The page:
Ate with those gathered for markers of inflammation in BALF samples.strain LPS), PBS, GSH, TAU, TCA, SSA, TEP and TBA were from Sigma-Aldrich, St. Louis, MO; 0.1 N and 6 N HCl were from Mallinckrodt Baker, Inc., Phillipsburg, NJ; and metaphosphoric acid was from Aldrich Chemical Co., Inc., Milwaukee, WI.AnimalsFemale Golden Syrian hamsters (5-6 weeks old, 100?5 g in weight, 6 per group) were purchased from Harlan, Indianapolis, IN, USA. The animals were housed in a temperature-controlled room (21? ) with a 12 hr light-12 hr dark cycle; and had free access to a standard hamster chow and filtered tap water for at least 7 days. The study received the approval of the Institutional Animal Care and Use Committee of St. John’s University, and the animals were cared in accordance with the guidelines established by the United States Department of Agriculture.Treatments with LPS and TAUTo determine the effects of a pretreatment with taurine on LPS-induced lung injury, hamsters were treated with TAU (as a solution in phosphate buffered saline (PBS) pH 7.4, 50 mg/kg/0.5 ml/day) by the intraperitoneal (i. p.) route for 3 days, followed successively by an i.p. dose of purchase PNPP pentobarbital sodium (90 mg/kg/0.4 ml) to induce anesthesia, and an intratracheal (i.t.) PubMed ID:https://www.ncbi.nlm.nih.gov/pubmed/28607003 instillation of LPS (0.2 ml of 0.1 mg/ml in PBS pH 7.4) on day 4. Controls were treated with: (a) i.p. PBS pH 7.4 for 3 days followed by i.t. LPS on day 4 (positive control), and (b) only i.t. PBS pH 7.4 on day 4 (negative control). To determine the effects of a posttreatment with TAU on LPS-induced lung injury, the hamsters received LPS (0.2 ml of 0.1 mg/ml in PBS pH 7.4) by i.t. instillation on day 1, followed by TAU (as a solution in phosphate buffered saline (PBS) pH 7.4, 50 mg/kg/0.5 ml/day) by i.p. route for 3 days. Control animals were treated with (a) i.t. LPS on day 1 followed by i.p. PBS pH 7.4 on days 2 to 4 (positive control), and (b) only with i.t. PBS pH 7.4 (negative control). All i.t. instillations were carried out using a 1-ml syringe fitted with a 27-gauge needle. Following an i.t. delivery, the incision was closed with metal clips.Collection of lung and BALF samplesMethodsMaterials and chemicalsAll the chemicals, reagents and assay kits used in the study were purchased from commercial sources in the USA. H2O2 (30 w/w), LPS (serotype: O26:B6 obtained from American Type Culture Collection no. 12795; with short chain-length approximating that of mutant roughOn day 5, 24 h after a LPS instillation or a TAU treatment, the animals were sacrificed using a high dose of pentobarbital sodium (240 mg/kg/0.7 ml, i.p.), and BALF Velpatasvir cancer samples were collected by rinsing the bronchoalveolar surface with PBS pH 7.4, and bringing the volume of the pooled washings to 10 ml with additional PBS pH 7.4. Immediately thereafter, the lungs were surgically removed, washed without delay with ice-cold physiologic saline, patted dry with filter paper,Bhavsar et al. Journal of Biomedical Science 2010, 17(Suppl 1):S19 http://www.jbiomedsci.com/content/17/S1/SPage 3 offrozen in liquid nitrogen, and kept at -20 until used in an assay.Preparation of lung homogenatesFollowing their removal, the lung samples were rinsed immediately with physiological saline, patted dry with filter paper, weighed, and perfused with ice-cold physiologic saline. A portion of lung sample was mixed with PBS pH 7.4 in a 1:30 (w/v) ratio and made into a fine homogenate with a hand held tissue homogenizer (Tissue-Tearor? BioSpec Products, Inc.,.Ate with those gathered for markers of inflammation in BALF samples.strain LPS), PBS, GSH, TAU, TCA, SSA, TEP and TBA were from Sigma-Aldrich, St. Louis, MO; 0.1 N and 6 N HCl were from Mallinckrodt Baker, Inc., Phillipsburg, NJ; and metaphosphoric acid was from Aldrich Chemical Co., Inc., Milwaukee, WI.AnimalsFemale Golden Syrian hamsters (5-6 weeks old, 100?5 g in weight, 6 per group) were purchased from Harlan, Indianapolis, IN, USA. The animals were housed in a temperature-controlled room (21? ) with a 12 hr light-12 hr dark cycle; and had free access to a standard hamster chow and filtered tap water for at least 7 days. The study received the approval of the Institutional Animal Care and Use Committee of St. John’s University, and the animals were cared in accordance with the guidelines established by the United States Department of Agriculture.Treatments with LPS and TAUTo determine the effects of a pretreatment with taurine on LPS-induced lung injury, hamsters were treated with TAU (as a solution in phosphate buffered saline (PBS) pH 7.4, 50 mg/kg/0.5 ml/day) by the intraperitoneal (i. p.) route for 3 days, followed successively by an i.p. dose of pentobarbital sodium (90 mg/kg/0.4 ml) to induce anesthesia, and an intratracheal (i.t.) PubMed ID:https://www.ncbi.nlm.nih.gov/pubmed/28607003 instillation of LPS (0.2 ml of 0.1 mg/ml in PBS pH 7.4) on day 4. Controls were treated with: (a) i.p. PBS pH 7.4 for 3 days followed by i.t. LPS on day 4 (positive control), and (b) only i.t. PBS pH 7.4 on day 4 (negative control). To determine the effects of a posttreatment with TAU on LPS-induced lung injury, the hamsters received LPS (0.2 ml of 0.1 mg/ml in PBS pH 7.4) by i.t. instillation on day 1, followed by TAU (as a solution in phosphate buffered saline (PBS) pH 7.4, 50 mg/kg/0.5 ml/day) by i.p. route for 3 days. Control animals were treated with (a) i.t. LPS on day 1 followed by i.p. PBS pH 7.4 on days 2 to 4 (positive control), and (b) only with i.t. PBS pH 7.4 (negative control). All i.t. instillations were carried out using a 1-ml syringe fitted with a 27-gauge needle. Following an i.t. delivery, the incision was closed with metal clips.Collection of lung and BALF samplesMethodsMaterials and chemicalsAll the chemicals, reagents and assay kits used in the study were purchased from commercial sources in the USA. H2O2 (30 w/w), LPS (serotype: O26:B6 obtained from American Type Culture Collection no. 12795; with short chain-length approximating that of mutant roughOn day 5, 24 h after a LPS instillation or a TAU treatment, the animals were sacrificed using a high dose of pentobarbital sodium (240 mg/kg/0.7 ml, i.p.), and BALF samples were collected by rinsing the bronchoalveolar surface with PBS pH 7.4, and bringing the volume of the pooled washings to 10 ml with additional PBS pH 7.4. Immediately thereafter, the lungs were surgically removed, washed without delay with ice-cold physiologic saline, patted dry with filter paper,Bhavsar et al. Journal of Biomedical Science 2010, 17(Suppl 1):S19 http://www.jbiomedsci.com/content/17/S1/SPage 3 offrozen in liquid nitrogen, and kept at -20 until used in an assay.Preparation of lung homogenatesFollowing their removal, the lung samples were rinsed immediately with physiological saline, patted dry with filter paper, weighed, and perfused with ice-cold physiologic saline. A portion of lung sample was mixed with PBS pH 7.4 in a 1:30 (w/v) ratio and made into a fine homogenate with a hand held tissue homogenizer (Tissue-Tearor? BioSpec Products, Inc.,.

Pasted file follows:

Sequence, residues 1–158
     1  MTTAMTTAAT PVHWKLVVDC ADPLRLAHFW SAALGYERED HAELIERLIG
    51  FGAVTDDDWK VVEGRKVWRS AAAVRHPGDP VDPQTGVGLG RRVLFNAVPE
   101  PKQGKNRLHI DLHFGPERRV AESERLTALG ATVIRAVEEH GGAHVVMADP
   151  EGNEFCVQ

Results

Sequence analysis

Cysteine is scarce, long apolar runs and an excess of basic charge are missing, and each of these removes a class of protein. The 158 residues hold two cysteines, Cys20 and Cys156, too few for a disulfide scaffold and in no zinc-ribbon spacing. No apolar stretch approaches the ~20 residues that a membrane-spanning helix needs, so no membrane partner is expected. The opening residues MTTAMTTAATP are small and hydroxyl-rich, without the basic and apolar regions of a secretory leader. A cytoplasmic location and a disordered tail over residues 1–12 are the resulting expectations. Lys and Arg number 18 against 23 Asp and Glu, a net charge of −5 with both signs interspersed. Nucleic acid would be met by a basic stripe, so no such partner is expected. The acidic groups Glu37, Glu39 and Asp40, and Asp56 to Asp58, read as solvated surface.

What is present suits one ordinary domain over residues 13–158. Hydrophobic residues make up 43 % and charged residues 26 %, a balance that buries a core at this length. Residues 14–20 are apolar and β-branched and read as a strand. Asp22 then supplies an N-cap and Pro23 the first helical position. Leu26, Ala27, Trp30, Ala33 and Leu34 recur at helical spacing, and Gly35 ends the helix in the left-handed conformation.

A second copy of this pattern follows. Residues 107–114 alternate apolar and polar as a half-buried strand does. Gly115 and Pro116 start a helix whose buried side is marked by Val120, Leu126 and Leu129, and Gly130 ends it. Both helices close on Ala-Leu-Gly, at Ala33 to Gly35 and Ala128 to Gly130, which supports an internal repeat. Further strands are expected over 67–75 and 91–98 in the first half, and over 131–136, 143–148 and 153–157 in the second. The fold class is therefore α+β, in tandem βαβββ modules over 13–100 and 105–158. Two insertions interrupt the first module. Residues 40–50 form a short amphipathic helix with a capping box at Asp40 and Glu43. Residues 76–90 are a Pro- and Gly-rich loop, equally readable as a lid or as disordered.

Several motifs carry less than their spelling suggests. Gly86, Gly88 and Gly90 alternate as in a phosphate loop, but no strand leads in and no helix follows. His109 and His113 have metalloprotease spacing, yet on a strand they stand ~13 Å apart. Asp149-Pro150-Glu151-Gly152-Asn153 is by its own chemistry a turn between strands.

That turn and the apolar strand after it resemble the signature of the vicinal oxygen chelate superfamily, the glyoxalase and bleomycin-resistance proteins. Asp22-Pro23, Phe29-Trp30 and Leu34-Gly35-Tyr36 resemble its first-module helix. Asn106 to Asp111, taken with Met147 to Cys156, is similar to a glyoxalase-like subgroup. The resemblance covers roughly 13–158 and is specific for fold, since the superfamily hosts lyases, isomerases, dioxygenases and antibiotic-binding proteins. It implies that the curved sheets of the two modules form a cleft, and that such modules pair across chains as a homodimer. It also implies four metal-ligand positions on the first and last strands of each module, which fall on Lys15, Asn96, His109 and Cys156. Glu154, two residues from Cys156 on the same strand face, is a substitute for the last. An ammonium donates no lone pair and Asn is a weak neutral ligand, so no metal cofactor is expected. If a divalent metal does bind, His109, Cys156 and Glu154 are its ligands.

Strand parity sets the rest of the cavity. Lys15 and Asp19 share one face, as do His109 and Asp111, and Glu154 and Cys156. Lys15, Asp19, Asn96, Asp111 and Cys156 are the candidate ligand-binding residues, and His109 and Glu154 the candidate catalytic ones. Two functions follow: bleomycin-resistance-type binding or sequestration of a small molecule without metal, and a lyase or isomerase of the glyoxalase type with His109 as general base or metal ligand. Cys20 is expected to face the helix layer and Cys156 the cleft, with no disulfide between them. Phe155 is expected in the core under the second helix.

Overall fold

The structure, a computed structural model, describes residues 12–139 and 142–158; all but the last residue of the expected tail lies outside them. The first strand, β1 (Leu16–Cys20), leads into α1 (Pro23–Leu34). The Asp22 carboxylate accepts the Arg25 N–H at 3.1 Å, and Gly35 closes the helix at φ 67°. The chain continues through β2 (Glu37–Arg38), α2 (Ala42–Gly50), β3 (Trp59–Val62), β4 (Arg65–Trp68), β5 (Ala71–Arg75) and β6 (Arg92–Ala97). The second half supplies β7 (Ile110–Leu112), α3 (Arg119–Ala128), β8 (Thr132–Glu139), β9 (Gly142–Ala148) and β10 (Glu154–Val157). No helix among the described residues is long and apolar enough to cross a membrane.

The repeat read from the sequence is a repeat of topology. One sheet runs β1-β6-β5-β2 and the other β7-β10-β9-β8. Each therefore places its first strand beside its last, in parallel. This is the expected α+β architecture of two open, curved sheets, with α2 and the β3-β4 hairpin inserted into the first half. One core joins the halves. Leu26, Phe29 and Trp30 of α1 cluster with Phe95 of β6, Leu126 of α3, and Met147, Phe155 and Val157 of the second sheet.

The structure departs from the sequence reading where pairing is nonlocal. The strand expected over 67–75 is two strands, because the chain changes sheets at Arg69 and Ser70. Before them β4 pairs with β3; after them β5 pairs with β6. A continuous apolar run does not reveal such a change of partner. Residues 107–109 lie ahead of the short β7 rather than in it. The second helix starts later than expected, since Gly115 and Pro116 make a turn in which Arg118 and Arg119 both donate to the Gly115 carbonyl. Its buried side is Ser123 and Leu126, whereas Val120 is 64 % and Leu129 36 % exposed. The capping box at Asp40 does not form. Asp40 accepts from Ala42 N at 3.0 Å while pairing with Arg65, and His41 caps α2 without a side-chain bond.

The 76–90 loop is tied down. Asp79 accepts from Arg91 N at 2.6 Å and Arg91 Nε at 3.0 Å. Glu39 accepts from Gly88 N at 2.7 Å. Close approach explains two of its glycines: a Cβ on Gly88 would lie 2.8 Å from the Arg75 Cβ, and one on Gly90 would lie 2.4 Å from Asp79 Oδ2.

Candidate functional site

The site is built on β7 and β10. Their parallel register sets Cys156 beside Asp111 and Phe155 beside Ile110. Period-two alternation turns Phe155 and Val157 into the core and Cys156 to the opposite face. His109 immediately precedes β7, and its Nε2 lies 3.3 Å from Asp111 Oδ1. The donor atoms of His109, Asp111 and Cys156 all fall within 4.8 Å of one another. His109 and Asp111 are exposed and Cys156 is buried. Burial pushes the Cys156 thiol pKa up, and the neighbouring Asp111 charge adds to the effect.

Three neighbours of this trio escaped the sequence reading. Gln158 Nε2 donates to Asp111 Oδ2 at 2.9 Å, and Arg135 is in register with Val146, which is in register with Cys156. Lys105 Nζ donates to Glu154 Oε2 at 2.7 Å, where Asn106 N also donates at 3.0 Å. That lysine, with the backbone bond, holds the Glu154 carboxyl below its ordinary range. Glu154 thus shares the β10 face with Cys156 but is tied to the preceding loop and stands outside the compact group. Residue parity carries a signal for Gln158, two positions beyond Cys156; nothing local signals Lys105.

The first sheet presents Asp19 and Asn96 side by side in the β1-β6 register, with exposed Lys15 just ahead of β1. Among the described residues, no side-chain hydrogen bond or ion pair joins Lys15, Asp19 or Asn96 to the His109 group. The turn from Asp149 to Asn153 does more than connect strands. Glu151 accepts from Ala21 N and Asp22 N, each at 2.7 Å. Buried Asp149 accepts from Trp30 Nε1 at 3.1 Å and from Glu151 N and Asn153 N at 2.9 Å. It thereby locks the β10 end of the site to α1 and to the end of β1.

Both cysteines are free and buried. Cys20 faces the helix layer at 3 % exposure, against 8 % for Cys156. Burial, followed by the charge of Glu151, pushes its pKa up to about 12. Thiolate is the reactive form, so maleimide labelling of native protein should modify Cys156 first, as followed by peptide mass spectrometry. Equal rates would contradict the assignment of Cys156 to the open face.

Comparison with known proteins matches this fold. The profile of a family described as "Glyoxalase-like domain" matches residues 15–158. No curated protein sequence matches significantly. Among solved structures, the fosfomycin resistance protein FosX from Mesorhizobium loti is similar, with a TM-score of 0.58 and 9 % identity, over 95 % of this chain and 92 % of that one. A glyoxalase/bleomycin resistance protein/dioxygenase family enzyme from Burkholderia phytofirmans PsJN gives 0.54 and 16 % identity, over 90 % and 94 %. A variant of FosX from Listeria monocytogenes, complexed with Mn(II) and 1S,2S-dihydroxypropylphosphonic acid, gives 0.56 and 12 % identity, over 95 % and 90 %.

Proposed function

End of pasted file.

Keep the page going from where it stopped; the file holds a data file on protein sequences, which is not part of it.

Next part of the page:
Cells (buffy coat), which were stored at -80 until further processing